nutrition

Slow and Steady

photo shows blue, partly cloudy sky and brown stalks of rice plants

I’ve got something to say—about rice.

I know. I’m not a foodie. This is not a food blog. But hear me out. A retired client and amateur nutritionist opened my eyes about rice.

I’ve always had issues with white rice: I generally want to eat the whole pot. It’s handy, it cooks up so quickly, but to get full from it, I keep eating and eating.

“That’s not what you need,” the client told me. “They take the good stuff out so it will cook faster.”

Brown rice isn’t “minute rice”: it’s 45-minute rice. But the slow route preserves the stuff we really need. We don’t throw out the good stuff for immediate gratification. And if you want to think about the big picture, remember that this grain has been a food staple across the world for thousands of years. No wonder. It packs a punch, if only we handle it responsibly.

We are not nutritionists (although when you and I visit, you may still hear me talking about brown rice!). But this lesson is still paying off in other ways. Did anything sound familiar as I relayed all this?

In their rush to get in on the action, some new investors head for day-trading. It scratches an itch, but it’s focused on the smallest time frame. Investing for the long haul? That’s where the good stuff is, we believe. (No guarantees.)

There are benefits in the waiting. Preservation, patience—sometimes we need a dash of each.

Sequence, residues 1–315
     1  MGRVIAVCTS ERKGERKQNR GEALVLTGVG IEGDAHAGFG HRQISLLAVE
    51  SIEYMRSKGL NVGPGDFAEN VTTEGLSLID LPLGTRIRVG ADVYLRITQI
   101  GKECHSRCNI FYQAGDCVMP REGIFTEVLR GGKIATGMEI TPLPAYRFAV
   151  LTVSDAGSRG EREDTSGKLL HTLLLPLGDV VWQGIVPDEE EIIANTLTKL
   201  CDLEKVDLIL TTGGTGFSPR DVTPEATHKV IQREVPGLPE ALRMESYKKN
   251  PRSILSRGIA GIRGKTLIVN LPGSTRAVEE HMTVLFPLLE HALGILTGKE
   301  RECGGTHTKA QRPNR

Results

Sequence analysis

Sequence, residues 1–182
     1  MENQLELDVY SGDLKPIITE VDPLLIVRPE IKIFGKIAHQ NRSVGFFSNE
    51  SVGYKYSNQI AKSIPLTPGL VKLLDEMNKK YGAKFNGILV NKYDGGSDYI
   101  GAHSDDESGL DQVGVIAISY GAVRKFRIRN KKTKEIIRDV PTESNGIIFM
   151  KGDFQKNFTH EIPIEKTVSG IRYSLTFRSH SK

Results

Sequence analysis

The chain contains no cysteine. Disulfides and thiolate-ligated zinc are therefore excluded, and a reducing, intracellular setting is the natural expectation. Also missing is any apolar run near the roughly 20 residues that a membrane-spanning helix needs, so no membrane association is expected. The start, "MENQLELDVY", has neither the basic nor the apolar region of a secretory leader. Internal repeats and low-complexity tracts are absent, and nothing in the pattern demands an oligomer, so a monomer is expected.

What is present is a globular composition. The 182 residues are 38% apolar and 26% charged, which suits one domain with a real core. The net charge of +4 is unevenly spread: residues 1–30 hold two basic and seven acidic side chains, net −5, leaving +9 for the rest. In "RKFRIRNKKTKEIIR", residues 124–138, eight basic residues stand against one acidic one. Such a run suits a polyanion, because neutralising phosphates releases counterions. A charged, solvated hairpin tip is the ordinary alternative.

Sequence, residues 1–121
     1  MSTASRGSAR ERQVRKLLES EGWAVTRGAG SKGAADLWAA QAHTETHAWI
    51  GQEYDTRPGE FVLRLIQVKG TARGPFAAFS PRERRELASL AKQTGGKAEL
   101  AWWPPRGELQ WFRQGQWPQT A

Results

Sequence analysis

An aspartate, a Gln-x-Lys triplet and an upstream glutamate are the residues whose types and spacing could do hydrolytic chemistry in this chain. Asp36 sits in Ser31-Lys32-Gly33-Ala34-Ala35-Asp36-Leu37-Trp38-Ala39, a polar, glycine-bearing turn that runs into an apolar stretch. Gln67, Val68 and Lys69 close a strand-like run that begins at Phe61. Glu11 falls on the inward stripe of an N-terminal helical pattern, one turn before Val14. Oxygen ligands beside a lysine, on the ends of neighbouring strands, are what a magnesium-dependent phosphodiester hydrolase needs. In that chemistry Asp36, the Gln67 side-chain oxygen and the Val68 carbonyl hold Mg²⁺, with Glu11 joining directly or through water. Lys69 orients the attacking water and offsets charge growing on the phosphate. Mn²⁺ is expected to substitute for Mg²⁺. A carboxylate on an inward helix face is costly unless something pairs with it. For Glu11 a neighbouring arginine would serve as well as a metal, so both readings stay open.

Clients, email or call to talk about this or anything else.


Content in this material is for general information only and not intended to provide specific advice or recommendations for any individual.

All investing involves risk including loss of principal. No strategy assures success or protects against loss.


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Play the audio version of this post below:

Slow and Steady

photo shows blue, partly cloudy sky and brown stalks of rice plants

I’ve got something to say—about rice.

I know. I’m not a foodie. This is not a food blog. But hear me out. Recently, a retired client and amateur nutritionist opened my eyes about rice.

I’ve always had issues with white rice: I generally want to eat the whole pot. It’s handy, it cooks up so quickly, but to get full from it, I keep eating and eating.

“That’s not what you need,” the client told me. “They take the good stuff out so it will cook faster.”

Brown rice isn’t “minute rice.” It’s 45-minute rice, but the slow route preserves the stuff we really need. We don’t throw out the good stuff for immediate gratification. And if you want to think about the big picture, remember that this grain has been a food staple across the world for thousands of years. No wonder. It packs a punch, if only we handle it responsibly.

We are not nutritionists (although when you and I visit, you may still hear me talking about brown rice!). But this lesson is still paying off in other ways. Did anything sound familiar as I relayed all this?

In their rush to get in on the action, some new investors head for day trading. It scratches an itch, but it’s focused on the smallest time frame. Investing for the long haul? That’s where the good stuff is, we believe. (No guarantees.)

There are benefits in the waiting. Preservation, patience—sometimes we need a dash of each.

Clients, email or call to talk about this or anything else.


Content in this material is for general information only and not intended to provide specific advice or recommendations for any individual.

All investing involves risk including loss of principal. No strategy assures success or protects against loss.